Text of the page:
Thursday, November 21, 2013

Wordy Old Men on Boardwalk Empire: Season Four, Episode Eleven "Havre de Grace"

The penultimate episode of the season finds Chalky nursing his wounds in the Pennsylvania countryside while Nucky tries to ferret out who the skunk in his camp is following a midnight call from Gaston Bullock Means. Roy's play with Gillian comes to light.

Old Man Duggan: First off, sorry for the delay, folks. I was out of commission on the Texas Gulf Coast without HBO or a computer to put this together with, so I come to you all cap in hand begging your forgiveness.

Wordy Ginters: Me? I was healing the poor. Giving sight to the rich. Or perhaps blithely endorsing a mini-vacation from the immediate reaction after-episode deadline pressure cooker.

OMD: Moving on past the excuses for our tardiness, this episode seemed to be operating primarily as a set-up piece for what is to come in next week's season finale. The backstory calm before the epic storm. Focusing first on Havre de Grace, where we spent much of the episode, it may not have been the source of a lot of tension or conflict, but I liked a lot of what was going on alongside the banks of the Susquehanna. Oscar Boneau (Louis Gossett, Jr.) was the first time the show has given us a link back to the black side of pre-Civil War America. It happened only in passing, but Boneau's talk of young black girls being sold on Queen Street and skepticism as to what the Civil War was actually fought over provided a nice bridge and historical depth to the proceedings.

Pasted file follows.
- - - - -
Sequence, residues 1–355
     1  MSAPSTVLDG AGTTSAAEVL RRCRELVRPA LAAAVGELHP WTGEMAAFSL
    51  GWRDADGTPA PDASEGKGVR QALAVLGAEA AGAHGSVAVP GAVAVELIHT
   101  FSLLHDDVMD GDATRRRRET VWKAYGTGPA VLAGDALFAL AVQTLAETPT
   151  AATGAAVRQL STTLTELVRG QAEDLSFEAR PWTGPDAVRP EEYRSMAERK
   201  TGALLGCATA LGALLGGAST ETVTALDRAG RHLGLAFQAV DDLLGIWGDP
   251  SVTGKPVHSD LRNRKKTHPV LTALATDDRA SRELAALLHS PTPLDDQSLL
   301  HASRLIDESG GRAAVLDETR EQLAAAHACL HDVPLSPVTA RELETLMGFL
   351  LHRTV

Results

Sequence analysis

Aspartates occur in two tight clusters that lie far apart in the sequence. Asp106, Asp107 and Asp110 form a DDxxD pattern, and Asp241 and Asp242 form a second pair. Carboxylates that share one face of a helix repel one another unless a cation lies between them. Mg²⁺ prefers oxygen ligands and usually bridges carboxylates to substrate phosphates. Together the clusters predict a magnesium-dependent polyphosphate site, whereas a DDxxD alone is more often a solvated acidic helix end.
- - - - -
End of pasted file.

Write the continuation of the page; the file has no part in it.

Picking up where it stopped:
WG: Gossett Jr.'s Boneau brings ancient gravitas to Albert's backstory, as well as a little heft to the race issues that Boardwalk Empire addresses in a pretty sophisticated way. I'm basically a slice of white bread in blue jeans and black Converse, so what the fuck do I know? It's pretty obvious that Terence Winter loves him some Chalky. Anti-heroes are about as passe as zombie fucking wives of vampire county reality TV these days, so to me it says something when an adulterous, murdering, Uncle Tom-ish, hot-head like Chalky is so Goddamn lovable.

OMD: "Never trust no buckras, no matter what." Chalky invoking the old Southeastern black word for white man or boss, likely derived from the Efik word for master, mbakara. Oscar's quick response, "Never trust no browns, neither," probably had a bit more relevance to Chalky's traveling companion than Chalky was gleaning from the advice, lending credence to Oscar's preceding statement, "Well, I told you a lot. Don't know what you heard." They also fit in "ofay" at the dinner table scene, just for good measure, dusting off another arcane term of disparagement against white people. Just like Nucky last season when he was entangled with Billie Kent and was unable to hear Rothstein's advice, we find Chalky in the same position, unable to see what people with wisdom on the matter at hand can see.

WG: The heart wants what the heart wants. The scenes in Maryland were beautiful. I watched the episode twice, and the second time around I realized that whenever Daughter and Chalky shared the frame, they were always separated by a window frame, a car door, a stile on the porch railing, or whatever. The composition on this show is unreal.

OMD: Yeah, it's really crazy how deliberately shot each episode of the show is. I guess that's what HBO money affords you. Time.

I also liked getting a bit more of Chalky's origins. The knockdown with some corner boys that he described in the car in the open took me back to The Wire for a split second. More than anything, though, I think this episode served as a moment for Chalky to peer through the looking glass and glimpse his future. For a man cut from his cloth, there is no going quietly into the night. Of course, Oscar probably goes down differently if Chalky never shows up in Havre de Grace, but as Tupac said, when you "live by the gun, [you] die by the gun."

WG: All in the game, yo. All in the game. I had the same Wire vapor trails sensation during that scene. Had to be a sly nod from the writers. If anything, I wish they would have introduced some of that backstory sooner or spent more time with it. Gossett Jr. was fantastic.